Operating an extensive global network of marine parks in which fishing and habitat-stressing activities are restricted would probably be more affordable for governments than continuing to subsidize struggling fisheries at current levels, a team of scientists calculates. Creating such a network would produce about 1 million jobs, the researchers assert. Furthermore, protecting areas in which fish populations recover could increase nearby fisheries' long-term viability.
The several hundred existing marine parks cover less than 0.3 percent of the world's oceans. Last year, the World Parks Congress, a periodic gathering of government delegates, recommended protecting 20 to 30 percent of marine areas to combat declining fish stocks and destruction of habitats.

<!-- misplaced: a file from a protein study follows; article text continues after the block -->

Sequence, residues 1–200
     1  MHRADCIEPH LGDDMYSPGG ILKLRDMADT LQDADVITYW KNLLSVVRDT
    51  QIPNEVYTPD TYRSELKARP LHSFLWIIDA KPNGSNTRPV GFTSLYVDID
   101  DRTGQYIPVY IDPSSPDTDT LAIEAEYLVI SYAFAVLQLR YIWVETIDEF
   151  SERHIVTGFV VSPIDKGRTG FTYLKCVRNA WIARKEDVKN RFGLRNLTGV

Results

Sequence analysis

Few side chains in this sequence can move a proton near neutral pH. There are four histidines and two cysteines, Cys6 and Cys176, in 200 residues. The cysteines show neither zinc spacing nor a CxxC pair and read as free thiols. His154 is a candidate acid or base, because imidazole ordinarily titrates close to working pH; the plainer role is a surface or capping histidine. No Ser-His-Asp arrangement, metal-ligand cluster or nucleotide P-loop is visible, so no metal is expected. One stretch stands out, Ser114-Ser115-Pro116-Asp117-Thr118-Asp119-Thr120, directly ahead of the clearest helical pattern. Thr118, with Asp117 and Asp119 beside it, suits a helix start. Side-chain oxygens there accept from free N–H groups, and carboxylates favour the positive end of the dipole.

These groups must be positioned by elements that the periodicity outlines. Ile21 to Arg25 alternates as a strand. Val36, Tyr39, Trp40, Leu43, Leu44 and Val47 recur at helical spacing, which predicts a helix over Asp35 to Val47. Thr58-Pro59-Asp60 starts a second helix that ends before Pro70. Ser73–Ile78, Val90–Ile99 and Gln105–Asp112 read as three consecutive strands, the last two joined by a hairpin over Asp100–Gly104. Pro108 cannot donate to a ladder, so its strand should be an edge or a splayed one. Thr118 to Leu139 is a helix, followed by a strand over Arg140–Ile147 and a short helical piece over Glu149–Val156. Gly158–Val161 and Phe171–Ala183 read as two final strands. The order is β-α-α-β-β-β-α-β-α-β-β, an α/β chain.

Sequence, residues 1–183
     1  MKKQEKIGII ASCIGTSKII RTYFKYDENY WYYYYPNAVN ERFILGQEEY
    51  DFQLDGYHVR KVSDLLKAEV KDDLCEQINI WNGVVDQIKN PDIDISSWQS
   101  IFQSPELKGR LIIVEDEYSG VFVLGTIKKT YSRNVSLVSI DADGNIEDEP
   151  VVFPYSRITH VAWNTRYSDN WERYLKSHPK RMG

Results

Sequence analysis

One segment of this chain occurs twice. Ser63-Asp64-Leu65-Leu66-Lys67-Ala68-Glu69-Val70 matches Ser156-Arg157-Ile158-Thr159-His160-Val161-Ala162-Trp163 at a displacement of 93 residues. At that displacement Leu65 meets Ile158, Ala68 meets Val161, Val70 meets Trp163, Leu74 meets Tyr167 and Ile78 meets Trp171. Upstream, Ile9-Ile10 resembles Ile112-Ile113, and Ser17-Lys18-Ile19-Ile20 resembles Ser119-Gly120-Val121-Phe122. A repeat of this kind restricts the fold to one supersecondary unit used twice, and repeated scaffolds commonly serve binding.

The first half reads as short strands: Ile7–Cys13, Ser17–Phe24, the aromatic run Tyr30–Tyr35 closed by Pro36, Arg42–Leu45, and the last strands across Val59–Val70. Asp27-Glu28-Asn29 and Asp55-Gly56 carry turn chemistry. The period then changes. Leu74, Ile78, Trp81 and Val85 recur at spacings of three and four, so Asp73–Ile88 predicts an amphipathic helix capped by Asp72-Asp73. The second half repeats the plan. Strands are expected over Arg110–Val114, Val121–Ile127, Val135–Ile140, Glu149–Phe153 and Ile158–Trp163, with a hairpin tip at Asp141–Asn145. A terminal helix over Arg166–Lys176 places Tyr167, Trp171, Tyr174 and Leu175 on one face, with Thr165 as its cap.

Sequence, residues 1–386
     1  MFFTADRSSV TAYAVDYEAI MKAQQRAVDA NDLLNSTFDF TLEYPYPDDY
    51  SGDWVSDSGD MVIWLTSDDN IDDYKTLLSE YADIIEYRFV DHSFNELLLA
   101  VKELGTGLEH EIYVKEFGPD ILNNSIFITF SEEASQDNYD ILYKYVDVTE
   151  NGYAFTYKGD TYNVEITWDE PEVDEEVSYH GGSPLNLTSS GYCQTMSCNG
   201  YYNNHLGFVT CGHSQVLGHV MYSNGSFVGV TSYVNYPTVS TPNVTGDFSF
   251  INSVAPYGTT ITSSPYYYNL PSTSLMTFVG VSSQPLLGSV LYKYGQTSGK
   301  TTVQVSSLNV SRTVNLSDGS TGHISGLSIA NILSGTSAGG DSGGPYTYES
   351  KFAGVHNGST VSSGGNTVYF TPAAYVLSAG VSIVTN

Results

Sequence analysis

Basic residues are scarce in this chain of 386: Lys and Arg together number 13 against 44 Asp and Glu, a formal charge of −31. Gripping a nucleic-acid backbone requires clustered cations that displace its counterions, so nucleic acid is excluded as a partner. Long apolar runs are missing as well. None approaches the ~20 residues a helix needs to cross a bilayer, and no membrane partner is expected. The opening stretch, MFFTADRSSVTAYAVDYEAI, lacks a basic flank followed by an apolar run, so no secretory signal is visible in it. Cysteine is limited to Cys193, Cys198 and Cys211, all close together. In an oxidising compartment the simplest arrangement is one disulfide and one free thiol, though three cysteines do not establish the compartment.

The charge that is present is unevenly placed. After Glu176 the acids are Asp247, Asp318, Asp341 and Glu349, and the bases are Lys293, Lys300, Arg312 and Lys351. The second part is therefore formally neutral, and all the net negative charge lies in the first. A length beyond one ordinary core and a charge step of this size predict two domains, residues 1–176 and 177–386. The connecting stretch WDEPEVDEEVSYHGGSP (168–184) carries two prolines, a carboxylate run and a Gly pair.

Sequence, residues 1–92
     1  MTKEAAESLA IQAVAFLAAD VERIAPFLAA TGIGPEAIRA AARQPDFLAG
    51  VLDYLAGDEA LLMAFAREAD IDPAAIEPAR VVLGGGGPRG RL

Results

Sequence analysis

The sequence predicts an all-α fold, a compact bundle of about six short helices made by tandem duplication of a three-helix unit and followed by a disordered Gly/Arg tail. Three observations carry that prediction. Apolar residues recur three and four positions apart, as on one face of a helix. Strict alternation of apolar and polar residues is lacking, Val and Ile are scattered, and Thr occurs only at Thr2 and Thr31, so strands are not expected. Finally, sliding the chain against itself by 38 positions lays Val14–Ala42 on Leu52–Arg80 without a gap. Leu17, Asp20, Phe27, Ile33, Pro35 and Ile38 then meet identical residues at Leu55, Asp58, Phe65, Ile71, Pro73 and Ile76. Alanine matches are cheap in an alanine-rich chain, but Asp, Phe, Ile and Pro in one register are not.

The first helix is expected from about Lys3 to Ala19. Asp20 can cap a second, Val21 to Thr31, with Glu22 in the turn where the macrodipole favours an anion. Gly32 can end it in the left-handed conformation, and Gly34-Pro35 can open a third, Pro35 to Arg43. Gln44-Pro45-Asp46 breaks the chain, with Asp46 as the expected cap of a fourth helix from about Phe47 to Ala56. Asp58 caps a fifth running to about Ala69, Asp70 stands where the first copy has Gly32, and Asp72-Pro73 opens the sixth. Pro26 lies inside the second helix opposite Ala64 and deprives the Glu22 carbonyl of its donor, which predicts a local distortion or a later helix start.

Extrapolating from data on 83 marine parks throughout the world, Andrew Balmford of the University of Cambridge and his U.K. colleagues estimated operating expenses for the proposed larger network. Annual costs could b